Release Date: 11th September 2019
Lead Organisation: IBERS, Aberystwyth University
Learn how to increase the uptake of new knowledge, ideas, products and policies
While behaviour change has long interested psychologists and economists, its potential for public policy has only recently become clear. Behaviour Insight draws on physiological and psychological research, to develop ways of transforming human action. An understanding of this emerging social science can benefit anyone needing to convey an effective message to a specific sector or the wider public.
Why don’t new innovations or interventions seem to be taken up as soon as we’d like? We’ve provided evidence that they work, everyone thinks they’re a good idea but, even if they have all the relevant information, people still don’t behave as you’d expect them to. That’s because people are not really rational! We tend to think we are ‘thinking beings that feel’ but evidence is showing that we are more often ‘feeling beings that think’. This module will be developed in conjunction with the Aberystwyth Behavioural Insights Interdisciplinary Research Centre and will help you to understand the theory of behaviour insights and show how it can be applied to a range of situations.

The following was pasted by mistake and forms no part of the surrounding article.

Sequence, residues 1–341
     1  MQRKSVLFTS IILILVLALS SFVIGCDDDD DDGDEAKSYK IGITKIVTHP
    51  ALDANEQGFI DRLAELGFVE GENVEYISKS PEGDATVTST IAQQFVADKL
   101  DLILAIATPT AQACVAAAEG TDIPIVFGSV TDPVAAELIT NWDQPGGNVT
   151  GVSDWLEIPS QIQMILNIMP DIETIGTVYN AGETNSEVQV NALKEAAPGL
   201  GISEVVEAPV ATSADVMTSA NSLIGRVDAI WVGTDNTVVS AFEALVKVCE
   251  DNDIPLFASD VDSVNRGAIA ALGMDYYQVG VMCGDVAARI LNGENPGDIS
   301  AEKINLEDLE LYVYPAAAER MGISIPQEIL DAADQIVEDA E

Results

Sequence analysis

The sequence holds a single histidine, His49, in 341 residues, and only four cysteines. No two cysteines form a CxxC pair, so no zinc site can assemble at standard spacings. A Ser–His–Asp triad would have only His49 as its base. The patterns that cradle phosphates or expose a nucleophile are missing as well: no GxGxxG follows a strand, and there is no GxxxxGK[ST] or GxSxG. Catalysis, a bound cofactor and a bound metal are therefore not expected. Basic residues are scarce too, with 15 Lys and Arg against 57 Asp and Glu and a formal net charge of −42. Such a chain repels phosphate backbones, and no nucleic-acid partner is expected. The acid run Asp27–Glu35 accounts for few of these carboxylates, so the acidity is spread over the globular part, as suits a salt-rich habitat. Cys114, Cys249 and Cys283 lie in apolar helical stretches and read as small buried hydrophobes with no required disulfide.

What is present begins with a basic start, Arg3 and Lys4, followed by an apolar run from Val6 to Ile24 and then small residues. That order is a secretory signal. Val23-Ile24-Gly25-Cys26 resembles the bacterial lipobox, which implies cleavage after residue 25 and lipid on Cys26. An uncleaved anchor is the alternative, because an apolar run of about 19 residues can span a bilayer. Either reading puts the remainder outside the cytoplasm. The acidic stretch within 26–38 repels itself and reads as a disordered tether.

This module is aimed at:
- policy makers
- knowledge exchange professionals
- marketing personnel and people managers
List of Units
|What is Behaviour Change?||
History and development of behaviour change theory and practice.
|Psychology & Sociology||
A deeper exploration of the most influential or widely-recognized behaviour change theories.
Can brain evolution and development explain why we behave the way we do?
How might factors outside of an individual’s control affect their behaviours?
Putting behaviour change theory into practice; a selection of established models will be explained in detail.
Implications of using behaviour change approaches; do they undermine our liberal values?
How, when and where might behaviour change approaches best be used?
Hear from practitioners of behaviour change about their successful interventions and lessons learned.
|Dr Sarah Watson-Jones|